Thursday, November 27, 2003
Wesley Clark's faith.
I find the story of Wesley Clark's religious odyssey pretty fascinating. He tells Beliefnet:
I'm spiritual. I'm religious. I'm a strong Christian and I'm a Catholic but I go to Presbyterian Church. Occasionally I go to the Catholic church too. I take communion. I haven't transferred my membership or anything. My wife I consider ourselves—-she considers herself a Catholic.
The Boston Globe's profile of Clark includes this description of his conversion from southern Baptist to Roman Catholic during the Vietnam War:
Perhaps the most bitter experience for Clark at Oxford occurred when he went to church. As a southern Baptist, he attended Protestant services, where he felt under attack.
"When I went to Protestant services in England, there was a tremendous passion against America's [involvement] in Vietnam," Clark said. "It became personal against the men in the armed services. It wasn't just the policy. It was the people. To me, that wasn't an atmosphere in which I felt comfortable."
By contrast, the Catholic church, in which Gertrude was a member, was a refuge, Clark believed. "It was reasoned, structured, ordered consistency," Clark said, qualities that he valued. After abiding by rules that Clark said required him to remain a bachelor for the first year of his Rhodes scholarship, Clark married Gertrude and embraced Catholicism, converting more than a year later in Vietnam.
In the Beliefnet interview, Clark adds:
What had happened to me was, I had tried to go the Protestant churches in England and I had sought out a Baptist church and a Methodist church. And that was during the Vietnam War and in both cases the sermons were anti- the American military and full of wildly overstated claims about how bad the American military was. My West Point classmates — my roommate was serving over there — he was killed during that period.
I wasn't about to go to church like that who didn't respect my friends who believed they were praying to the same God and serving their country.
We always believed in the 12th chapter of the book of Mark. That's what we were taught at West Point where Jesus speaks to the Pharisees and they try to trick him and say "You say we're supposed to be loyal to God but you're being a traitor to Caesar." And he said, "Bring me the coin" and said, "Who's face [is] in this coin?" And the Pharisees say, "Well, Caesar of course." And Jesus says "Render unto Caesar that which is Caesar's and render unto God that which is God's."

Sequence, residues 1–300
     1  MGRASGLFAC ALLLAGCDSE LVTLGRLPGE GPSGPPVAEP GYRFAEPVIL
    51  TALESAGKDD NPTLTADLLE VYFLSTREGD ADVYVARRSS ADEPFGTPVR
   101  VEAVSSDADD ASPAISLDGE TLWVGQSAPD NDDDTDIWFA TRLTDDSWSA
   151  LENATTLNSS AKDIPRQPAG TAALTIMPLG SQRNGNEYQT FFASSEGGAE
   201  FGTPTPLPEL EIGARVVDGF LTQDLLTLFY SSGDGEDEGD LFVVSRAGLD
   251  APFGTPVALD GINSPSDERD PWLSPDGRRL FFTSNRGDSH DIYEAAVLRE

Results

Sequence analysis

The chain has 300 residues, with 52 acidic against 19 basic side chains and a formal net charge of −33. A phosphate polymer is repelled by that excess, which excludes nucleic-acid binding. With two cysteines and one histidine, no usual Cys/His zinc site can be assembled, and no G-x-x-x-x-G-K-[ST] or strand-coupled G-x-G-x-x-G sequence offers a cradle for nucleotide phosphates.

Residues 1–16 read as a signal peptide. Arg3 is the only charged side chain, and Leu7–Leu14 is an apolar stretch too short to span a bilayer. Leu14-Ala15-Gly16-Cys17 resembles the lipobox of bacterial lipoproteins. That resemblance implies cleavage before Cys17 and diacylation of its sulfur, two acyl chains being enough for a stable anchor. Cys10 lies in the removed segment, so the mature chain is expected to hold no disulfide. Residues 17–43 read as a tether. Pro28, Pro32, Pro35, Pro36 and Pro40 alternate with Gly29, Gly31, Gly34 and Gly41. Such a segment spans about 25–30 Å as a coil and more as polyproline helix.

That's the way we lived. That's what I believed. And when I saw and felt this animus out of these Protestant churches in England during the Vietnam war, it just turned me off.
The Catholic priest at the time was a guy named Michael Hollings. (He fought in WWII). He was a captain, a battalion adjutant. He was from one of the original Catholic families who had disobeyed Henry VIII's order to renounce the Roman Catholic faith. And he was just an incredibly educated, literate, bright, insightful, experienced man—a real leader.
Clark's deep appreciation for structure and discipline — the values he embraced so strongly in the military, and came to recognize in Catholicism — are quite fascinating to me. He seems intellectual but basically non-speculative when it comes to religion: In the Beliefnet interview he says, for example, that doubt and "spiritual low points" haven't really been part of his religious experience, and he doesn't seem particularly interested in the theological differences between the Baptist church of his childhood, the Catholicism he embraced as a convert, and the Presbyterian church he and his wife attend today. (He sounds, in other words, like your typical American church-goer.)
I always find it instructive to hear a person describe the characteristics of the people they admire. The priest who made such an impression on Clark while he was in England was "an incredibly educated, literate, bright, insightful, experienced man—a real leader." Mid-century Protestant anti-Catholicism sure hadn't taken hold of him.
But it's also illuminating to see how the politics of both the mainline Protestant and post-Vatican II Catholic churches have put American soldiers in an awkward spot. Perhaps the churches need more encouragement to think through the question of a citizen's obligations to the state — a way of honoring the role of the military in a liberal society, for example, rather than wishing it away. Perhaps because Clark is an intellectual, a soldier, and a religious person who sees no contradictions in these loyalties, Americans might see in his story a new way to be an American: liberal in thought, disciplined and loyal in practice, devoted and small-c catholic in faith. That would be refreshing to me.
Copyright © 2003 by Philocrites | Posted 27 November 2003 at 8:27 PM